Many firefighters hesitate to use steam. This reluctance can be traced back to horror stories passed down from the previous generation. Fears of steam burns and dropping the hot smoke layer are common concerns. Today, with modern protective equipment, steam injuries are usually the result of exposed skin; more serious events are caused by firefighters getting caught in a hot gas flow path. Why are so many people in the fire service afraid of steam? Many fire service personnel don’t understand that attempting to extinguish a fire with steam should be conducted only under the following very specific conditions:

  • The fire compartment is fully involved or backdraft conditions are suspected.
  • There is no survivability profile within the compartment.
  • Protection is available for the nozzle team, such as a door to close or a vent opening to push steam out. Heat travels from hot to cold and from high pressure to low pressure. Firefighters injured by steam are typically the coldest thing in the low-pressure outlet. Always conduct a steam attack from outside the fire compartment and from a safe position.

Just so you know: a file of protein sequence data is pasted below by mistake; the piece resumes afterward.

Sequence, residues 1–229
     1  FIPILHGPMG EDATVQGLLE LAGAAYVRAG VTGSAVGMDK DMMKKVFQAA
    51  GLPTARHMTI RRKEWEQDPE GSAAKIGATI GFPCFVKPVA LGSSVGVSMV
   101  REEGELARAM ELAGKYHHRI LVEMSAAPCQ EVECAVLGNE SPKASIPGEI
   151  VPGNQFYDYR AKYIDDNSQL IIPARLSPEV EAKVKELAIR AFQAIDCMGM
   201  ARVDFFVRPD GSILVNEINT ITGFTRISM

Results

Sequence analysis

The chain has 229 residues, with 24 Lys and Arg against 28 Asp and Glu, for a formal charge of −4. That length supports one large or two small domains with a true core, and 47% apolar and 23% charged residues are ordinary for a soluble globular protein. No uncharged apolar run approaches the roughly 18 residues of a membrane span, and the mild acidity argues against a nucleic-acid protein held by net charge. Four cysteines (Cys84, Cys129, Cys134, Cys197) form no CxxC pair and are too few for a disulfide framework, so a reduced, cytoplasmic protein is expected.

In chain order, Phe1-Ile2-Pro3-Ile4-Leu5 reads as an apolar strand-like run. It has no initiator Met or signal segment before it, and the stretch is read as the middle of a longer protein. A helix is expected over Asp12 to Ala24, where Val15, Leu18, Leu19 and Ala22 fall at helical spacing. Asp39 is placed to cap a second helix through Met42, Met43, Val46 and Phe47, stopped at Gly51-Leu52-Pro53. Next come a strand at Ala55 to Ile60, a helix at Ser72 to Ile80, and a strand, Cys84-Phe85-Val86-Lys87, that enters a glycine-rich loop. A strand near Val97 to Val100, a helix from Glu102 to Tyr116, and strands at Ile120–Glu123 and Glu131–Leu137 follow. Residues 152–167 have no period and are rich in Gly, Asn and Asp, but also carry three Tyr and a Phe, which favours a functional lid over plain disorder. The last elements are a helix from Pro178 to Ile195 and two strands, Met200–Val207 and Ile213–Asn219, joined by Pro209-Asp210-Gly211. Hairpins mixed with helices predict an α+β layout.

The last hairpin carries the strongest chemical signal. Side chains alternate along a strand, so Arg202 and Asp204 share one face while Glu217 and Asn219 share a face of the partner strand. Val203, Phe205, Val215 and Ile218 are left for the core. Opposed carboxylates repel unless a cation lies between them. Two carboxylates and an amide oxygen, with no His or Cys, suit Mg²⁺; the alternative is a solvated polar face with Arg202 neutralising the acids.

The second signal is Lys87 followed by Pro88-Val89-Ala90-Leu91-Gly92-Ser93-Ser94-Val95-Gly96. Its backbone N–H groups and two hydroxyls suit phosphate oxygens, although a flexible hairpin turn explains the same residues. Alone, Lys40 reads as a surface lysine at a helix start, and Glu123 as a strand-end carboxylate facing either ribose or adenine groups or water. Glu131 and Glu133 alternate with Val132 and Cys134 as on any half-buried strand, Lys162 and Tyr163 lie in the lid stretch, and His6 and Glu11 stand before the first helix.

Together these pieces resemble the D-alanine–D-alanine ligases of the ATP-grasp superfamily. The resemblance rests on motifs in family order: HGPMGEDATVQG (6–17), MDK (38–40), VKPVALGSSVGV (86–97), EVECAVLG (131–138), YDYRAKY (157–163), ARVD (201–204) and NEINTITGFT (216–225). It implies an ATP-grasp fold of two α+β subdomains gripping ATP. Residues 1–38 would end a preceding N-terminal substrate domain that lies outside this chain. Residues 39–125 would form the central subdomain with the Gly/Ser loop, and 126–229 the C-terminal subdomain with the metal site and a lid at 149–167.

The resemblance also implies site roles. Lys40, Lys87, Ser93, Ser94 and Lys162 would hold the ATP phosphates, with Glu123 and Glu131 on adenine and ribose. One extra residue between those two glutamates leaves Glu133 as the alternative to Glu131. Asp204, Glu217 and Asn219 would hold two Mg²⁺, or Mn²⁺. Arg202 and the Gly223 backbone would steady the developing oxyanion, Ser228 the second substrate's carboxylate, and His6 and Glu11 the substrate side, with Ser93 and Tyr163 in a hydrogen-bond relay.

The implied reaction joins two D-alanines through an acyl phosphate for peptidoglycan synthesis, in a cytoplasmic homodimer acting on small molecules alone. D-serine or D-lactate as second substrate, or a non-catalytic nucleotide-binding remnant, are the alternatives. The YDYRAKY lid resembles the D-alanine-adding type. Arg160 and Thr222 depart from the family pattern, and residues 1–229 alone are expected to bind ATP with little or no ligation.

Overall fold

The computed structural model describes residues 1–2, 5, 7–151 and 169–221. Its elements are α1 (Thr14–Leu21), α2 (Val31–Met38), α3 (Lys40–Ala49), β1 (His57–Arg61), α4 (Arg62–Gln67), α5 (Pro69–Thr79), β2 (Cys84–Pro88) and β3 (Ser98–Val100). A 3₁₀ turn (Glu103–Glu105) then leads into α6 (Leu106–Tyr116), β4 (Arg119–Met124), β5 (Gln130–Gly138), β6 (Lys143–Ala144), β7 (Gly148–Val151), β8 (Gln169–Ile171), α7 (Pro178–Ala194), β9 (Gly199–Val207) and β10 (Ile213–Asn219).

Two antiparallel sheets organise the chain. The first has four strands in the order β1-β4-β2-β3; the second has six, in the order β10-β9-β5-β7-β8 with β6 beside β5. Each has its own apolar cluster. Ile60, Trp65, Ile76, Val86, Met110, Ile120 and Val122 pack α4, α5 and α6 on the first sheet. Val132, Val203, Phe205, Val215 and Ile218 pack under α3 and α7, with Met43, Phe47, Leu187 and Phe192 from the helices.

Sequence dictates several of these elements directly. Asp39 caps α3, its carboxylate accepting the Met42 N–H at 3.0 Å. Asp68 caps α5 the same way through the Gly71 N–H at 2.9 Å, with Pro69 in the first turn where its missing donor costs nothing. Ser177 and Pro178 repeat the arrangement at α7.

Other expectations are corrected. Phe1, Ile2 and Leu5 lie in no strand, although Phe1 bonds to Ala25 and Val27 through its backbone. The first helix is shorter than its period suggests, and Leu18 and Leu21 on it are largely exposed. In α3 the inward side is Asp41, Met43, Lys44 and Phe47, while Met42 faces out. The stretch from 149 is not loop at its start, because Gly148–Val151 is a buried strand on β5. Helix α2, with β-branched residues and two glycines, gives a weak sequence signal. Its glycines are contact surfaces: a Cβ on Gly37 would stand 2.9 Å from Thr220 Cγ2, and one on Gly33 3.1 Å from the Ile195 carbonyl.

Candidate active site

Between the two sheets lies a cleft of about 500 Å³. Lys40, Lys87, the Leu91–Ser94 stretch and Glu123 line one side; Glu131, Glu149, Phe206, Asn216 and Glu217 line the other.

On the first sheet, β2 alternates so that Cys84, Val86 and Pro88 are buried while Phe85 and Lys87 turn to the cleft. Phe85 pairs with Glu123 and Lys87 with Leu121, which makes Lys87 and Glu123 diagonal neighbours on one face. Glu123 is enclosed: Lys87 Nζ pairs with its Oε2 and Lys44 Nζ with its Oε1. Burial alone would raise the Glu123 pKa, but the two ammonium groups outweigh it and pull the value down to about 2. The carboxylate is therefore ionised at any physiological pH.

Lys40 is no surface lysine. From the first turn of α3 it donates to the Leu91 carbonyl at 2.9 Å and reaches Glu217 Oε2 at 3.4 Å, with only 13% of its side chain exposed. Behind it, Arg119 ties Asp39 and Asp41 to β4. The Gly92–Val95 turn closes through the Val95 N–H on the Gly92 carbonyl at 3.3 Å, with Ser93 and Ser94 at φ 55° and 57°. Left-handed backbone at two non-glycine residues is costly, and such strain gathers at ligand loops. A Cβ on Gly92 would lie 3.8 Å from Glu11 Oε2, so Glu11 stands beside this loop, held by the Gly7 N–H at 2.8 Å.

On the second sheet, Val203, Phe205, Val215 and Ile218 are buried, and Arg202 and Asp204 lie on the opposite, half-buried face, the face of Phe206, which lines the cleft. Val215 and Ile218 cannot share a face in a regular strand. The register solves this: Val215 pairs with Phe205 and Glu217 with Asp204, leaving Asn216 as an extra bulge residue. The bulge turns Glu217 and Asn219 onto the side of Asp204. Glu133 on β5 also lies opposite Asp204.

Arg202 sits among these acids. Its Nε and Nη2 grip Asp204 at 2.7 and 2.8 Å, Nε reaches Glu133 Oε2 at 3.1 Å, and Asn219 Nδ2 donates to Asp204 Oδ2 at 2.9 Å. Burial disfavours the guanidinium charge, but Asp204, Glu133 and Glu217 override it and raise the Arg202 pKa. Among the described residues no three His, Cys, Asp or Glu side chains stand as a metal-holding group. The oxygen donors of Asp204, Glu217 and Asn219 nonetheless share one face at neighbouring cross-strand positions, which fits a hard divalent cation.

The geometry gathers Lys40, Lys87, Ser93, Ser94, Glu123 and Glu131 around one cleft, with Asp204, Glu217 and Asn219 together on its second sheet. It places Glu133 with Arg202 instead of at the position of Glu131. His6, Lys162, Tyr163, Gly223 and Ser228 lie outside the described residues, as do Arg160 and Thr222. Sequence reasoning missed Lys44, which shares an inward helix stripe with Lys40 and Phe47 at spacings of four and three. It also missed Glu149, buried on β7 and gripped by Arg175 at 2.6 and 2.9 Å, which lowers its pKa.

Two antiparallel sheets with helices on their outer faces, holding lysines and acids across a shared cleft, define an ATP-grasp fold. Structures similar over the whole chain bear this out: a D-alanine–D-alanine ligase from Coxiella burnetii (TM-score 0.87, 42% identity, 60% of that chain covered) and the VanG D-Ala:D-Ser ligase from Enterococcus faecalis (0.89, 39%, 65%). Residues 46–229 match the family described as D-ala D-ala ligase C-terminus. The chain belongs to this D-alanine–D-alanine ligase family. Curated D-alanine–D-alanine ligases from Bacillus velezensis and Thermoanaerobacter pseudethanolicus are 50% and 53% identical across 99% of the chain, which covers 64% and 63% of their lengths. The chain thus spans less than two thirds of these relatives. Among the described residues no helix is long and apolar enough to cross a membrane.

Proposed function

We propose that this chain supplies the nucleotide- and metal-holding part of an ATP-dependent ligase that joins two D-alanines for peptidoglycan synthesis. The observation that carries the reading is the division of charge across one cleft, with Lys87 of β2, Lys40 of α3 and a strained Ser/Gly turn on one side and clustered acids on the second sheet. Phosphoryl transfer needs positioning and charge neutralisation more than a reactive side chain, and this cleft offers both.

• To complete extinguishment, direct attack and overhaul must immediately follow a steam knockdown.

Safer Movement

Gas cooling, door entry cooling, and exterior water application are not extinguishment techniques. These water applications are typically employed when the location of the fire is undetermined or shielded. The intent of these methods is to make movement within the hazard zone safer. Conditions are improved by reducing the thermal threat and by delaying the activation of rapid fire events such as flashover, backdraft, and autoignition. It cannot be overstated that a hose crew must put water on burning surfaces at the earliest opportunity.

Gas Cooling (Pulsing)

Gas cooling, sometimes referred to as pulsing, was developed in Sweden. Its intent is to control the environment when the fire can’t be attacked directly. This method works by cooling hot gases below their autoignition temperature. When gas cooling is applied correctly, smoke contracts (improves visibility), temperatures lower (reduces thermal threat), the hot smoke layer doesn’t drop (prevents injury), and rapid fire events are delayed (increases safety).